Facebook: The Next Search Engine?

November 12, 2010

Interesting question posed today on New Media Age: Could Facebook be the next search engine? With everyone and their Mom seemingly having an account on the popular social network, and the ability to log into third-party sites using one’s Facebook account being commonplace, it would seem that the site would be in prime position to step into any web-based venture and have a good chance for success.
This article comes on the heels of the recent announcement by Ask AKA Ask Jeeves that they would no longer be contestants in the search engine game. But rumblings about the possibility of Facebook entering the field go back at least several months if not longer. As documented in this article from June, search queries from Facebook’s internal search functionality already have the potential to return links from external sites, albeit using Bing as the search engine.
But what if Facebook does make the decision to build its own engine? A couple of factors would separate it from Google, Bing, and Yahoo! For one thing, Facebook is, at least in its current model, a members-only site. It is open to anyone, of course, but the user must take the initiative to create his or her own account before being able to participate in its social media society. The fact that members set up their own accounts and volunteer as much personal information as they feel comfortable with leads to the second factor: access to a user’s personal information, which other search engines do not necessarily have.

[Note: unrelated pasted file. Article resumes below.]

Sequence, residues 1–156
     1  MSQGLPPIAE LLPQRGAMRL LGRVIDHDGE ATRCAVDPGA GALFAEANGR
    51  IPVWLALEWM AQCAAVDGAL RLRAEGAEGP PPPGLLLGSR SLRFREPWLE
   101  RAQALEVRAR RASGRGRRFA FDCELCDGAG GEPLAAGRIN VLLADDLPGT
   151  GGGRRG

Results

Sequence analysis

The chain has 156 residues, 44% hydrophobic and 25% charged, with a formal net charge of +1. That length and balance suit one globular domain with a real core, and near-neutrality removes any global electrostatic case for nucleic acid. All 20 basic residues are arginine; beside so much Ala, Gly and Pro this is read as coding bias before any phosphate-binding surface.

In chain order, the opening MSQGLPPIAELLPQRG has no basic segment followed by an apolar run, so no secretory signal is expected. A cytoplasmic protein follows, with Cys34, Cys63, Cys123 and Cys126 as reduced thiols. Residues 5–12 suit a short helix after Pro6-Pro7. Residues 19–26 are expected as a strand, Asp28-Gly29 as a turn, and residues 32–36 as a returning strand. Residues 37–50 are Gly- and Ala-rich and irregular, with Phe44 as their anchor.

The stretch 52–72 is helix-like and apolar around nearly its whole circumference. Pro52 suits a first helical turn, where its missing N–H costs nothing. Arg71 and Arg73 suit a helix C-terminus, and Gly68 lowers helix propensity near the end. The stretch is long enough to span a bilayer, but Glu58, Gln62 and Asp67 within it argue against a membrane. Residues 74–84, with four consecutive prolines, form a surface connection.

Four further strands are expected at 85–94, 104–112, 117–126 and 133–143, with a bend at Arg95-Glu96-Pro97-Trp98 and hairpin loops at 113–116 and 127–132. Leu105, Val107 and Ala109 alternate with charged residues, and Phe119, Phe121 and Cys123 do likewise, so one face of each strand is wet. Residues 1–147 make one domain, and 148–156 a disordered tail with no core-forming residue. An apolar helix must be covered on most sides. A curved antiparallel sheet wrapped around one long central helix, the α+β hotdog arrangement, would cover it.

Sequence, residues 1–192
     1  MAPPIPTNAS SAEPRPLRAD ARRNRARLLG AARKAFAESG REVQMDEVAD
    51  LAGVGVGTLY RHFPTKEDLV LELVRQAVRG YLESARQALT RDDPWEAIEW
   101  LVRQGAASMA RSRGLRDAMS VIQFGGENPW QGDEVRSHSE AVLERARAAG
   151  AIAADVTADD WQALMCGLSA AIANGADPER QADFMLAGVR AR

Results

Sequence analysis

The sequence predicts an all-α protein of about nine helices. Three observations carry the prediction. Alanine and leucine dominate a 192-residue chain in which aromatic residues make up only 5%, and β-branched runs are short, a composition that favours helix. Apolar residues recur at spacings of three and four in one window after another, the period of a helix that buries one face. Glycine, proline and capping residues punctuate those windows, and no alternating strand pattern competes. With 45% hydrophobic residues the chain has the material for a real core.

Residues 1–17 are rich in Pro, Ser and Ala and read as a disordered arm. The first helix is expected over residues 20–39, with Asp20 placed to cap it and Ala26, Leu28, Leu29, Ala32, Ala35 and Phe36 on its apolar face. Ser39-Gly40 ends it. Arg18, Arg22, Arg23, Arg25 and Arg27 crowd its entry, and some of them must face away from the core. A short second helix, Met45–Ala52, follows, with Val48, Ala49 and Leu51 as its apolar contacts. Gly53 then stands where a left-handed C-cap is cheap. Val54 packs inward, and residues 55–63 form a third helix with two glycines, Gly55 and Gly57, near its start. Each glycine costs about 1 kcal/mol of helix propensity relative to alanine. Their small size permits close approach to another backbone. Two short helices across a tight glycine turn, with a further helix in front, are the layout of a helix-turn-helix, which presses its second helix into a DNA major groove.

So theoretically, with that kind of information at their disposal, Facebook-conducted web searches could tailor the search results by as much demographic information as each individual provides to the site. The effect on SEO is obvious: how does one optimize for searches conducted with a nearly infinite number of possible variations? And what might be the advantages and disadvantages associated with attempting to market websites on the open internet to such specific demographic levels?
The questions are academic for now, as this is just speculation at this point. As of the time of this writing, Facebook has made no official announcements that they are entering the search engine market. And should they, there is no guarantee that user-entered information would factor into their search algorithm. But the potential seems too tantalizing to not give it some consideration.

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